Every eBook publisher and author wants to build a following, gain readers who will talk about their books, leave reviews on Amazon, Barnes and Noble, Smashwords or any other online ebook store. Everyone wants to find this pot of gold at the end of the rainbow, so when the newly published realise that books don’t sell automatically, they enter the world of marketing and promotion and try to work out what successful authors are doing that is bringing them such enviable success.
Very close to the top of the list will be pricing. A new author quickly learns that although a bestselling author might be able to charge $4.99 for a book, their sights should be set much lower. They quickly learn that many authors make make their mark with books priced at 99 cents, or even free.
As no doubt is the case for any other author aspiring to be a published novelist, when I had in front of me my first completed manuscript I wanted to find a major publisher and enter the prestigious ranks of novelists who have a overcome all barriers and finally stepped on the road to fame and fortune. A few years later the reality of closed doors and unanswered query letters brought home a different kind of truth, one that made it clear that getting published was far harder than writing a novel.
Writers, though, are infused with an iron will and endless hope and optimism. How else could anyone spend one year to many years labouring at a task that might never lead to anything but the personal satisfaction that you were, after all, capable of writing a story over 70,000 words? So, as many before me have, I went in search of an agent. Alas, that too turned out to be a forlorn journey. As with the few remaining publishers who actually allow strangers to write to them, agents have a ready quip for anyone darkening their peaceful tryst with familiar voices. Those with the temerity to approach them will soon learn about lists that are full, and things unread that, they will briskly tell you, aren’t being looked for in the foreseeable future.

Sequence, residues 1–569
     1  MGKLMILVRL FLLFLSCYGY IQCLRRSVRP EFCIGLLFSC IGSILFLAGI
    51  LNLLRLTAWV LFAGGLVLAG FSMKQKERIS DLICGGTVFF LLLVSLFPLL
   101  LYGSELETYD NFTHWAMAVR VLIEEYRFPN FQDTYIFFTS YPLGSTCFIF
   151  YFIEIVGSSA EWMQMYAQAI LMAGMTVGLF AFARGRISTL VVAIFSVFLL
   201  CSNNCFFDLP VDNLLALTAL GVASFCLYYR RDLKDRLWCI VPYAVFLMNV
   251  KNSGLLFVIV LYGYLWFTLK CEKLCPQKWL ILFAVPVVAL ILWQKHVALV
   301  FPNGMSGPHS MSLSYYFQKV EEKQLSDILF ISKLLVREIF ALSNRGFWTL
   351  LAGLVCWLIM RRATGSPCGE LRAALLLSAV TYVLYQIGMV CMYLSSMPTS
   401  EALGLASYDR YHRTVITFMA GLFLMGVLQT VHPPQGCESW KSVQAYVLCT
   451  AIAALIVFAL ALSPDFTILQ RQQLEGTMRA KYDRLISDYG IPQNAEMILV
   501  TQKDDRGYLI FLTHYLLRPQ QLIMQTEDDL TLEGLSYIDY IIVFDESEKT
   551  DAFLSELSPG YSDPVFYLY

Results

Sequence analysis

Many of us want to do things we’ve never done before. For some this is to sail a boat around the world, for others it’s something like climbing Mt. Everest, learning to fly or walking to the North Pole, but for an unknown number it’s about becoming a novelist. All of these of one thing in common, they are ambitions born from self-belief and a desire to achieve something beyond the norm, to make a mark in the world or simply to fulfil a life-long dream.
At the beginning of these journeys confidence and ambition can outstrip ability. A lot of us have been there, say, watching the Olympics, an around the world yacht race, listening to a well known author discuss the book we read last week that had just won a major award, and in each case imagining that if we tried we could do that too.
Sadly, the ease with which we unconsciously imagine these things can be achieved is illusionary. We only need to go so far as reading an autobiography of someone we admire to discover just how difficult it is to succeed in this competitive world where talent is way more common than recognition. There are a lot of people trying and only a few places on the podium.
When writers think about the book they’ve just finished their mind at some very early point turns in the direction of publishing, after all, writers are storytellers and a story needs an audience. Most new writers, however, do not have a clue how to go about getting published so they ask friends, email famous writers, Google or do some other kind of research, and soon discover that mythical creatures known as editors are gate-keepers of the printing press and that the most influential nestle inside large corporations with baffling arcane submission procedures that boil down to excluding anyone who has not already been published successfully, or doesn’t have an agent they have already worked with, or met at school, university or their children’s play group. Following this news, there begins a drive for “representation” that, for example, puts reproductive urges so far in the shade it’s surprising that unpublished authors ever get around to procreating.